Show Your Value as an Agilist Using the Relentless Improvement Cycle

This is the cycle I use for all my work as an Agilist – whether as a Scrum Master, Release Train Engineer, or Agile Coach to track the improvement work you’re doing for your team, Program, or Portfolio.

More generally, this cycle works well for any work where you’re trying to delight customers without a strict requirement document – virtually any working environment!

Why “Relentless?”

I intentionally use the word “relentless” to describe this cycle, rather than the more commonly used “continuous”. “Continuous” has an implied passiveness about it, whereas “relentless” has an association of active, intentional action.

I think of “continuous” like a river passively flowing; “relentless” is a kayaker actively paddling toward a destination, regardless of the current.

Main Benefits

This cycle addresses several overlooked parts of delivering value to users:

  • Communicating with users: Steps 1 & 4 ensure a bi-directional flow of communication directly with end users. To properly implement this cycle, you must establish a way to both receive feedback and communicate changes out to your users. You can’t just sit in an ivory tower, doing what you think is best for the user.
  • Turning feedback into action: Step 2 explicitly calls out the hard work of turning messy user feedback into tactical actions
  • Recognition that these are small experiments:
  • Connecting user feedback to improvements: All too often I would hear users complain that they take too many surveys in their corporate environment, and they don’t feel like the surveys are valuable. If surveys are a part of your “receive feedback” strategy, executing on this cycle can help you communicate to your users that the changes you made were a direct result from survey feedback, proactively addressing the concern that survey feedback doesn’t make an impact.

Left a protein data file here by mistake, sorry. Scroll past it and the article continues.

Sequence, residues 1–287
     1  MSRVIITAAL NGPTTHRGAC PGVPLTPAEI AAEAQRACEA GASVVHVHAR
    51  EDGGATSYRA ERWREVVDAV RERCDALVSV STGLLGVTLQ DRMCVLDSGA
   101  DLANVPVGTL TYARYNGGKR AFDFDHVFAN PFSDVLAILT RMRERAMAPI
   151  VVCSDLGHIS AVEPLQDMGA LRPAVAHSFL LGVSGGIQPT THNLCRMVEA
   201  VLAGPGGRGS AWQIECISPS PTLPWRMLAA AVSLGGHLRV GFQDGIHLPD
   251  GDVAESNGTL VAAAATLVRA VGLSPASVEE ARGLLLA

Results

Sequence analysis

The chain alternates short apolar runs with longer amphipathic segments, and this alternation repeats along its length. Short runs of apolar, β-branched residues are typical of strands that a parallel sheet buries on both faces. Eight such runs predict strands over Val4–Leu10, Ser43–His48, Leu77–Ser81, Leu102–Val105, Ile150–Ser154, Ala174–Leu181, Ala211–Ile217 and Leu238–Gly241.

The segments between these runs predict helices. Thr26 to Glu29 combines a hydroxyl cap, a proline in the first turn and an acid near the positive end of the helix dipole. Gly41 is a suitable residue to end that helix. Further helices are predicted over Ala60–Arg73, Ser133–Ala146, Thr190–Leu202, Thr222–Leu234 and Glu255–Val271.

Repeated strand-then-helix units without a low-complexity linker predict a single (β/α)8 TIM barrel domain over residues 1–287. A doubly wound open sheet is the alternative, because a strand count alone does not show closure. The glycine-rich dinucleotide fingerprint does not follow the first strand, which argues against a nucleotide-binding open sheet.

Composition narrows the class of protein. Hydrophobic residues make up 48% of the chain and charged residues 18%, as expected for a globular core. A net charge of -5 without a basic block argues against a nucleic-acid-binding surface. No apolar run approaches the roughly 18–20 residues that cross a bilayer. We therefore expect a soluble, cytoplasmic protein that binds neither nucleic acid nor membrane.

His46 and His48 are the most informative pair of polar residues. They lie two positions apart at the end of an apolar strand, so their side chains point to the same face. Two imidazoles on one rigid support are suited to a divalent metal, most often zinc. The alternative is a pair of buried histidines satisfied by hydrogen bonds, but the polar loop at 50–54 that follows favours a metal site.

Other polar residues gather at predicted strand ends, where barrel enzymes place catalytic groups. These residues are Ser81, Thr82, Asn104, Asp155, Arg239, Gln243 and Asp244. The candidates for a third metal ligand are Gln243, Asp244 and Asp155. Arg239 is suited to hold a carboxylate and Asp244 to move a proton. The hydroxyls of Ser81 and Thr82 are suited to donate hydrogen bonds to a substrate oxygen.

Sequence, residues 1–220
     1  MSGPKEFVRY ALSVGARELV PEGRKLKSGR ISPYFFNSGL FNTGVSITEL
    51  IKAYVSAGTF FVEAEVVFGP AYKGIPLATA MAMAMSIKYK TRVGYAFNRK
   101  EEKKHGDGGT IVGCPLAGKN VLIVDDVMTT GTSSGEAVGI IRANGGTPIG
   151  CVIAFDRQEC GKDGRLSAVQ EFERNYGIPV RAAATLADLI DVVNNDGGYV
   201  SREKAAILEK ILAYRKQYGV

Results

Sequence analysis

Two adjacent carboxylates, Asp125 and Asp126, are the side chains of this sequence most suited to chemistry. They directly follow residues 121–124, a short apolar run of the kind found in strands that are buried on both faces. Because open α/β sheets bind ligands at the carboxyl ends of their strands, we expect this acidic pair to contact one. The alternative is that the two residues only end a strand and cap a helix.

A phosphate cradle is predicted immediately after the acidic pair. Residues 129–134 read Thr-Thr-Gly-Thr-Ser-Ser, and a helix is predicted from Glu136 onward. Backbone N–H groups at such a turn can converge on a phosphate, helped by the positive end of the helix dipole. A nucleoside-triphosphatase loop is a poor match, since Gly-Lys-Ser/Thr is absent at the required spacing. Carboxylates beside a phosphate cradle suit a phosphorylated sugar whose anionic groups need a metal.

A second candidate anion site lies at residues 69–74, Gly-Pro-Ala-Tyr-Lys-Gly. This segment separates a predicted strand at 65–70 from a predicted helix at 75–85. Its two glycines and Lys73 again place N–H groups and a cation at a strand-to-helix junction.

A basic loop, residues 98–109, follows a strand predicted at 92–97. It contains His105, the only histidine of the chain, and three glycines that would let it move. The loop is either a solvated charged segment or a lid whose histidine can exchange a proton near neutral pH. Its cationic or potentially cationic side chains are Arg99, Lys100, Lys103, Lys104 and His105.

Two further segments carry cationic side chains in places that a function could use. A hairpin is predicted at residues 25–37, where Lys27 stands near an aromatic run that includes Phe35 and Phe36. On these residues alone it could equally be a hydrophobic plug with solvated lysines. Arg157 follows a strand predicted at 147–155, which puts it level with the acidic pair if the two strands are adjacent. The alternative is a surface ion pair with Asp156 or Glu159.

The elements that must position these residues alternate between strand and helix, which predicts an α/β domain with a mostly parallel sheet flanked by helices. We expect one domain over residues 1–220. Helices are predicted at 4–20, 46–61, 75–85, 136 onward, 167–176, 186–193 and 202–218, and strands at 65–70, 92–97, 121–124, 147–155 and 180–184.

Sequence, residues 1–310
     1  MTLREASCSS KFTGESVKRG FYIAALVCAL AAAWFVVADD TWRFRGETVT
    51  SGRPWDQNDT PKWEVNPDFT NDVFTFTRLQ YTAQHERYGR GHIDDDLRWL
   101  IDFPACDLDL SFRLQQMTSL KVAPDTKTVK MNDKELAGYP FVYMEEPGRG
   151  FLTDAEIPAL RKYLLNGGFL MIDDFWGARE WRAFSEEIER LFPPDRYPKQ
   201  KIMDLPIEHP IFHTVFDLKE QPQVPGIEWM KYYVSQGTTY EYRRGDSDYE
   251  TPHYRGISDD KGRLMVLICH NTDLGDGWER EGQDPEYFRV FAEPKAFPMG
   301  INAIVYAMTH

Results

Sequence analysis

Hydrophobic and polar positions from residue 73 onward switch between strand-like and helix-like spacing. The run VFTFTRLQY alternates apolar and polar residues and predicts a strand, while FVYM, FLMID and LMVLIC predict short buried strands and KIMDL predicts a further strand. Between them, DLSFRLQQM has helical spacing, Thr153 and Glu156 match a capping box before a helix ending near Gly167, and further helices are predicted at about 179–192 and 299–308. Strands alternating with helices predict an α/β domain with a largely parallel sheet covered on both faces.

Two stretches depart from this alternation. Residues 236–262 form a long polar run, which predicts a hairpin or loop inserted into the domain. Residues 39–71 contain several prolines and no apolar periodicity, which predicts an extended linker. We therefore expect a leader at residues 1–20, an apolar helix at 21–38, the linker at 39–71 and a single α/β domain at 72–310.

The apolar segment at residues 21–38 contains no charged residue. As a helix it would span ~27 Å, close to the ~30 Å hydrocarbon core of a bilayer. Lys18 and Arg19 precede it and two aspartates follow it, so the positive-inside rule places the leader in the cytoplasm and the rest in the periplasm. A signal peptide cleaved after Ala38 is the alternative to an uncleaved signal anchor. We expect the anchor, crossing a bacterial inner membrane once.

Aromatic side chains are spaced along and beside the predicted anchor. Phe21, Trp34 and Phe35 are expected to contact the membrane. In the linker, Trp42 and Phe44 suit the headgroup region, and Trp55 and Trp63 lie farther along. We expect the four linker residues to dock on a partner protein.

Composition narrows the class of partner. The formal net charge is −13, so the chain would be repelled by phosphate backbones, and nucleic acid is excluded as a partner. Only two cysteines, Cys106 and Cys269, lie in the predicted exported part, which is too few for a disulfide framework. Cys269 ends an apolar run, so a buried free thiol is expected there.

Turn These Steps into your Kanban Columns

These 4 steps can become the steps in your process flow. By making them the headers of your Kanban columns, you can now visualize all the small experiments you’re working on, tracking them from feedback all the way through communication back to your users.

Wrapping Up

This is the overview of the cycle. I’ll be deep diving into each of the 4 steps in subsequent posts, giving example actions you can take, why the step is important, and common pitfalls you want to avoid.

Follow up blogs:

Step 1: Receive Feedback

Step 2: Turn Feedback into Action Items (coming soon!)

Step 3: Execute on Action Items (coming soon!)

Step 4: Report Back to Users (coming soon!)